Sheriff asks to partner with residents with surveillance cameras to help solve crimes

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Surveillance cameras are effective law-enforcement tools.


As security cameras have become more prevalent at businesses and residences, they are an increasingly helpful tool for law enforcement."

TheVentura County Sheriff’s Office has established a secure database to log information about who has surveillance systems, so when a crime occurs, authorities can quickly search the database and determine where cameras are located so these camera owners can be contacted to help solve a crime, according to a sheriff's agency press release.

In the press release, the public is asked: "If you would like to register your video surveillance information and allow authorities to contact you, should a crime occur in/or near where your cameras are installed, we kindly ask that you" contact the Ojai Police Department at This email address is being protected from spambots. You need JavaScript enabled to view it.; phone:805-646-1414.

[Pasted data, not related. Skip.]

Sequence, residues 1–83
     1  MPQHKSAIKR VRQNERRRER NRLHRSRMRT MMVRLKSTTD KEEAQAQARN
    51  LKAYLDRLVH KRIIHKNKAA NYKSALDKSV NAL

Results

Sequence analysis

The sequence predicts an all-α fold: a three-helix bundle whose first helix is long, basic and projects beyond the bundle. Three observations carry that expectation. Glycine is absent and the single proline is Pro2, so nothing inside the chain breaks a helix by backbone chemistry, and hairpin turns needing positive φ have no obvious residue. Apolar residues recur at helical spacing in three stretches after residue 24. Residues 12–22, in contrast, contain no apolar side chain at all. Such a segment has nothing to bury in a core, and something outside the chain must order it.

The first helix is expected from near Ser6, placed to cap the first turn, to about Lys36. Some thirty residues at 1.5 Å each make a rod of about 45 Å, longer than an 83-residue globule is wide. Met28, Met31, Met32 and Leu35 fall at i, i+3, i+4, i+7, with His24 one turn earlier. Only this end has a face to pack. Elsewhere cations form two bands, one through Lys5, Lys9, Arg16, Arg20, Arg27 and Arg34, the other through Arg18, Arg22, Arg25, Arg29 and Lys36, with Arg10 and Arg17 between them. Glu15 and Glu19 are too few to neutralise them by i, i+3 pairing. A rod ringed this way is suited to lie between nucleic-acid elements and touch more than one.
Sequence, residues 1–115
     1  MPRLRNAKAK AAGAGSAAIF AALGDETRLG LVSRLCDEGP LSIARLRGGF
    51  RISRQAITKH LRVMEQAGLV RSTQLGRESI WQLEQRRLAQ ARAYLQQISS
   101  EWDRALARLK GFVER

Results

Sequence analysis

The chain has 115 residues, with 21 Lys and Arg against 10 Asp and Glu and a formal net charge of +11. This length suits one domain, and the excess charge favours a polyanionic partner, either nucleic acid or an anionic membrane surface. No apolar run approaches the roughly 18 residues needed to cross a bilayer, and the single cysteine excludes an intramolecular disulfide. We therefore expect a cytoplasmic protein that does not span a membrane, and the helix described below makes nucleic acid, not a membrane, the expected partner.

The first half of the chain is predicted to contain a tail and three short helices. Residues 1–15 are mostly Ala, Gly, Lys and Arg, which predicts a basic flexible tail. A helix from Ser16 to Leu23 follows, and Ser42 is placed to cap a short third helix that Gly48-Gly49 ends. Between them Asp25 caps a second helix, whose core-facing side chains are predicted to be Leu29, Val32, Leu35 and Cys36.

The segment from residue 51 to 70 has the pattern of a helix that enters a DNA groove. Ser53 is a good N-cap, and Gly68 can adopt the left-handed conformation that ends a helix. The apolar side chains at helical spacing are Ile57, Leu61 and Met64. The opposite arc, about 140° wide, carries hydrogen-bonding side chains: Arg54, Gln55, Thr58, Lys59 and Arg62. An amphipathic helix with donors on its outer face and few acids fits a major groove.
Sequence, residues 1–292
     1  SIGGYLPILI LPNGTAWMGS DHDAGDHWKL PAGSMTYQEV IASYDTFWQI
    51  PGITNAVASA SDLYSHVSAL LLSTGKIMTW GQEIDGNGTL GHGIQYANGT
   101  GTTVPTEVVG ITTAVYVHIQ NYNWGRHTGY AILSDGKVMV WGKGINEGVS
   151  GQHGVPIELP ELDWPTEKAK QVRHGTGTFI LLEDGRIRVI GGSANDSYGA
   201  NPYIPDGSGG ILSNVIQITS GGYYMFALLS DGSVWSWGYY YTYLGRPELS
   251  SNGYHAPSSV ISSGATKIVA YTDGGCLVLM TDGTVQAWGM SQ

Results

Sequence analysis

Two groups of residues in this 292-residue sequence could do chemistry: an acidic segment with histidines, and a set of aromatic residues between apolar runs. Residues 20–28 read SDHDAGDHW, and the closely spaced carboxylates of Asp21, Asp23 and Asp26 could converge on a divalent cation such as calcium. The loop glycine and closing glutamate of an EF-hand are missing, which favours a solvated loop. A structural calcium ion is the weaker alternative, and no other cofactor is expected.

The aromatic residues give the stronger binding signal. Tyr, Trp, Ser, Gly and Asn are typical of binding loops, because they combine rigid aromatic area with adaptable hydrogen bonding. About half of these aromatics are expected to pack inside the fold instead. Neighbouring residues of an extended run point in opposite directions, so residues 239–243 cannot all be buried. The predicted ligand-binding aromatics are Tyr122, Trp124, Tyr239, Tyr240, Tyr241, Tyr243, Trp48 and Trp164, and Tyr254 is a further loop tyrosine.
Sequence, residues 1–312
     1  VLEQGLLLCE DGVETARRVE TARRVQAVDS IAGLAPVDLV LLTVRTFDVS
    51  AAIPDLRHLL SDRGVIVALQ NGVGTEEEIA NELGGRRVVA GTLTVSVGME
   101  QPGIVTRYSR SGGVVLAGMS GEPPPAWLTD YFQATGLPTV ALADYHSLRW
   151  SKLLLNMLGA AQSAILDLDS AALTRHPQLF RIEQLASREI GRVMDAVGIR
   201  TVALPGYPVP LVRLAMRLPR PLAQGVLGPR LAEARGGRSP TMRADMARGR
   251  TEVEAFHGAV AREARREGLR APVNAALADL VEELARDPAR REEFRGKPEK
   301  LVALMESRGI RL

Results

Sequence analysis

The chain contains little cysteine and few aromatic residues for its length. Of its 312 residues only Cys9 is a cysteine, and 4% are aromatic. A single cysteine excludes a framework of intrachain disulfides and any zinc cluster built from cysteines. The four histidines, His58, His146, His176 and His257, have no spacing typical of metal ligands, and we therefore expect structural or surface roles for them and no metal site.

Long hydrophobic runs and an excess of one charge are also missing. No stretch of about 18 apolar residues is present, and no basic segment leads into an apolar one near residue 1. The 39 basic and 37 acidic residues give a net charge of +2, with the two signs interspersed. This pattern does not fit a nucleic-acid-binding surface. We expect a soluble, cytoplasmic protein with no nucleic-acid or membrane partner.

"Please include your homeowner or business name, address, primary contact information, phone number and email address."

The registration is available to Ojai Valley and other cities and the unincorporated areas of the county with police services provided by the Ventura County Sheriff’s Office. 

According to the press release: "The Ventura County Sheriff’s Office is committed to our ongoing partnership with residents and business owners in preventing and solving crime.  As technology has improved, video surveillance has become one of the best methods for identifying, apprehending and convicting criminals.  

"Utilizing the surveillance systems that many residents and business owners currently operate at their homes and/or businesses is a great example of how the community and law enforcement can further partner in an effort to keep our neighborhoods safer. As crimes occur nearby, residents and business owners may not always be aware that their surveillance system may have captured information that could help solve the crime.  In turn, law enforcement is not always aware who may have this potentially vital information." 



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